U.S. Policy on Restructuring Official Foreign Debts

Debt relief can be an important means of achieving U.S. goals of promoting economic growth, well-functioning financial markets, and economic reform abroad. Longstanding U.S. policy is to coordinate sovereign debt restructuring internationally, primarily through the Paris Club group of official creditors. This multilateral approach is a good value for the U.S. taxpayer because it increases recoveries from countries that are not paying their debts to the U.S., while maximizing benefits of debt relief for heavily-indebted, low-income countries that are unable to meet their payment obligations.

The United States provides debt cancellation only under limited circumstances, for example, as a Paris Club creditor in the Enhanced Heavily Indebted Poor Countries (HIPC) Initiative. This approach provides budgetary resources to pay for the cost of debt relief for debtor countries that are in debt distress. These debtor counties commit to implement economic reforms aimed to reduce poverty and help avoid a new build-up of unsustainable debt before having debt relief. In evaluating requests for debt cancellation, the U.S. and other major official creditor countries rely heavily on International Monetary Fund (IMF) and World Bank assessments of a debtor country’s financial need for debt relief and willingness to undertake reforms. Congress has reinforced this need-based approach to debt relief by enacting statutes such as the Special Debt for the Poorest authorization (enacted this year as Section 662 of the Department of State, Foreign Operations and Related Program Appropriations Act, Division J of P.L. No. 110-161) and the Enhanced Heavily Indebted Poor Countries Initiative (Title V of Appendix E of H.R. 3425, as enacted into law by Section 1000(a)(5) of P.L. No. 106-113). These statutes authorize the Executive Branch, under specific circumstances, to reduce or otherwise restructure sovereign debts, which are considered U.S. Government assets.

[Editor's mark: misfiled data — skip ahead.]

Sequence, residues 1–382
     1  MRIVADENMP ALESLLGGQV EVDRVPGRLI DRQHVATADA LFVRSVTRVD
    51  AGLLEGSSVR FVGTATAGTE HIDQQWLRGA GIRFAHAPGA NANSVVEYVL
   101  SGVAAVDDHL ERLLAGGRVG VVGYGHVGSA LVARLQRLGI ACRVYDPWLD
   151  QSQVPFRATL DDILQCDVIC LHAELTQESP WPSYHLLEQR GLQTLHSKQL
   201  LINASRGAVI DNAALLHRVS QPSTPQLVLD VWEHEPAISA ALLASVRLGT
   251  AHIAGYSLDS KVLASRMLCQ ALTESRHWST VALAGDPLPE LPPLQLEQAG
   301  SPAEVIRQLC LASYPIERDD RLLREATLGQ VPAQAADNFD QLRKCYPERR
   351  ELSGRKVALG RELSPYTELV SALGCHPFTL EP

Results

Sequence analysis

Cambodia’s External Debt